Ultrasound, also called sonography, uses sound waves to develop ultrasound images of what’s going on inside the body. A diagnostic tool with many medical applications.
- Painless and safe
- Not exposed to radiation
- Helps in determining source of pain or infection
- Clear picture of soft tissues
- Picks up on abnormalities
Medical ultrasound (also known as diagnostic sonography or ultrasonography) is a diagnostic imaging technique based on the application of ultrasound. It is used to see internal body structures such as tendons, muscles, joints, vessels and internal organs. Its aim is often to find a source of a disease or to exclude any pathology. The practice of examining pregnant women using ultrasound is called obstetric ultrasound, and is widely used.
Ultrasound is sound waves with frequencies which are higher than those audible to humans (>20,000 Hz). Ultrasonic images also known as sonograms are made by sending pulses of ultrasound into tissue using a probe. The sound echoes off the tissue; with different tissues reflecting varying degrees of sound. These echoes are recorded and displayed as an image to the operator.
Many different types of images can be formed using sonographic instruments. The most well-known type is a B-mode image, which displays the acoustic impedance of a two-dimensional cross-section of tissue. Other types of image can display blood flow, motion of tissue over time, the location of blood, the presence of specific molecules, the stiffness of tissue, or the anatomy of a three-dimensional region.
Compared to other prominent methods of medical imaging, ultrasound has several advantages. It provides images in real-time, it is portable and can be brought to the bedside, it is substantially lower in cost, and it does not use harmful ionizing radiation.
Sonography (ultrasonography) is widely used in medicine. It is possible to perform both diagnosis and therapeutic procedures, using ultrasound to guide interventional procedures (for instance biopsies or drainage of fluid collections). Sonographers are medical professionals who perform scans which are then typically interpreted by themselves or the radiologists, physicians who specialize in the application and interpretation of a wide variety of medical imaging modalities, or by cardiologists in the case of cardiac ultrasonography (echocardiography). Sonographers typically use a hand-held probe (called a transducer) that is placed directly on and moved over the patient. Increasingly, clinicians (physicians and other healthcare professionals who provide direct patient care) are using ultrasound in their office and hospital practices.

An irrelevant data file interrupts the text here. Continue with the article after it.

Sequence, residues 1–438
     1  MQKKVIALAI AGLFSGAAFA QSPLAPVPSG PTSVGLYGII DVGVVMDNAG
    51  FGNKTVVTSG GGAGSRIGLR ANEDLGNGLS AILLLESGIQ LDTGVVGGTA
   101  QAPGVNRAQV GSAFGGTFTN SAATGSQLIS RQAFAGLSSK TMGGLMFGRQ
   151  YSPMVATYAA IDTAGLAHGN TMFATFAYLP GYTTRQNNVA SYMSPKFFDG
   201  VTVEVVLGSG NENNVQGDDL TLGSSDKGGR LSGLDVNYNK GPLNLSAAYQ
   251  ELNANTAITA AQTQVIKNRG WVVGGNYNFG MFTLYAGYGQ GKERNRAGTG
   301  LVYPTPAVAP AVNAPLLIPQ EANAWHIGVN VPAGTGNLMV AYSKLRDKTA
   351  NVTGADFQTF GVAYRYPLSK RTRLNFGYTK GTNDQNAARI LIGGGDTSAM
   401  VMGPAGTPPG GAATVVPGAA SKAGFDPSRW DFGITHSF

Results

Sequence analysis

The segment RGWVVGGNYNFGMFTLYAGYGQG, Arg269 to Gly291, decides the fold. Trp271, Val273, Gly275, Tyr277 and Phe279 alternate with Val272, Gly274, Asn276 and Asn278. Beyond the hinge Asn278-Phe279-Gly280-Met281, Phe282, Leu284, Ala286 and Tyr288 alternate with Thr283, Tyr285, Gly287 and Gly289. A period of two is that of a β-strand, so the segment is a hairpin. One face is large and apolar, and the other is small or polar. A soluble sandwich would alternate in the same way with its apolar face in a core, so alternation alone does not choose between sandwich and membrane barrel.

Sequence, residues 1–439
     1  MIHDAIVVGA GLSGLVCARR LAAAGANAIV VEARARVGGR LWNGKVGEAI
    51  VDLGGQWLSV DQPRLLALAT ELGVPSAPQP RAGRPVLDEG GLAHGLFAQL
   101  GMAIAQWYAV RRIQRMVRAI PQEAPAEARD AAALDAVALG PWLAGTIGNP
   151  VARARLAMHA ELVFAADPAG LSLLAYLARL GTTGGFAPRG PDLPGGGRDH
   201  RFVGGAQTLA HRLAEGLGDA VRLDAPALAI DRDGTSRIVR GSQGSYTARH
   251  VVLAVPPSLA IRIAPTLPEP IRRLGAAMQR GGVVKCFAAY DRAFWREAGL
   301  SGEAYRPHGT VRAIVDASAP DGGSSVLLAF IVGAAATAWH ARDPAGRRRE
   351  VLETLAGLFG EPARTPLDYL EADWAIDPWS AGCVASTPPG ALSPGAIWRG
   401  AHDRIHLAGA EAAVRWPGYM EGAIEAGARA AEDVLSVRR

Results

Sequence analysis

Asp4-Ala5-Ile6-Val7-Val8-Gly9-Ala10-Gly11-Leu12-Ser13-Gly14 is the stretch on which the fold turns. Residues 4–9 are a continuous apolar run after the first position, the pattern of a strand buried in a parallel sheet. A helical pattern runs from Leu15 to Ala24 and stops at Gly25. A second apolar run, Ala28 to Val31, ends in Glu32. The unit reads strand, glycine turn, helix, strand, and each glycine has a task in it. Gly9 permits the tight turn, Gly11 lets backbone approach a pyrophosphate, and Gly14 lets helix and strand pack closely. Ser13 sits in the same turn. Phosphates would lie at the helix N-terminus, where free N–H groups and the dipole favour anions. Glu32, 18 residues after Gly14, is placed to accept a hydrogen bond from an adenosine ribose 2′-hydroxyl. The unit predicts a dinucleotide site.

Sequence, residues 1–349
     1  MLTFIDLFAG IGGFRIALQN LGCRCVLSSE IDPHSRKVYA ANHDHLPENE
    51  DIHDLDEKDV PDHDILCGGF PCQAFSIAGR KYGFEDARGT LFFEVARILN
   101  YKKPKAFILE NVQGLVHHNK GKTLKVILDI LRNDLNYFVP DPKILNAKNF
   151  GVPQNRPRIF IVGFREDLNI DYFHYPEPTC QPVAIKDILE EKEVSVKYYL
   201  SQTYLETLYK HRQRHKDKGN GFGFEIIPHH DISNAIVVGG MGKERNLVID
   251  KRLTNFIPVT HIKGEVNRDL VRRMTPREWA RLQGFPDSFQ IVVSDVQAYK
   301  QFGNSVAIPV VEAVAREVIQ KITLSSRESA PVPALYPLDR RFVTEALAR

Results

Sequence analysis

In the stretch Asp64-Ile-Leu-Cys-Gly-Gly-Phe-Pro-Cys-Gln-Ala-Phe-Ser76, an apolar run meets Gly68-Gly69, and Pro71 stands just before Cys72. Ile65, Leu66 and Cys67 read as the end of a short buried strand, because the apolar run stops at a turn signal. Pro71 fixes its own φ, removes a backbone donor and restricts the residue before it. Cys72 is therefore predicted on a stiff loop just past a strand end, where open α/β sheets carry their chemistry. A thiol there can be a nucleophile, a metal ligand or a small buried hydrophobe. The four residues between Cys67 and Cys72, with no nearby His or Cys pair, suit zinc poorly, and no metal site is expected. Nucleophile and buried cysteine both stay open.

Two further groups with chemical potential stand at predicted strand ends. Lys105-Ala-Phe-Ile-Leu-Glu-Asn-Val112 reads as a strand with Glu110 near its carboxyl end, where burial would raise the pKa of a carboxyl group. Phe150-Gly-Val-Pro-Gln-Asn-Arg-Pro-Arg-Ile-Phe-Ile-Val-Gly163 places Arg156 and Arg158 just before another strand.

Sonography is effective for imaging soft tissues of the body. Superficial structures such as muscles, tendons, testes, breast, thyroid and parathyroid glands, and the neonatal brain are imaged at a higher frequency (7–18 MHz), which provides better axial and lateral resolution. Deeper structures such as liver and kidney are imaged at a lower frequency 1–6 MHz with lower axial and lateral resolution but greater penetration.
Medical sonography is used in the study of many different systems:
- Emergency Medicine
- Gastroenterology/Colorectal surgery
- Head and Neck Surgery/Otolaryngology
- Cardiovascular system
A general-purpose ultrasound scanner may be used for most imaging purposes. Usually specialty applications may be served only by use of a specialty transducer. Most ultrasound procedures are done using a transducer on the surface of the body, but improved diagnostic confidence is often possible if a transducer can be placed inside the body. For this purpose, specialty transducers, including endovaginal, endorectal, and transesophageal transducers are commonly employed. At the extreme of this, very small transducers can be mounted on small diameter catheters and placed into blood vessels to image the walls and disease of those vessels.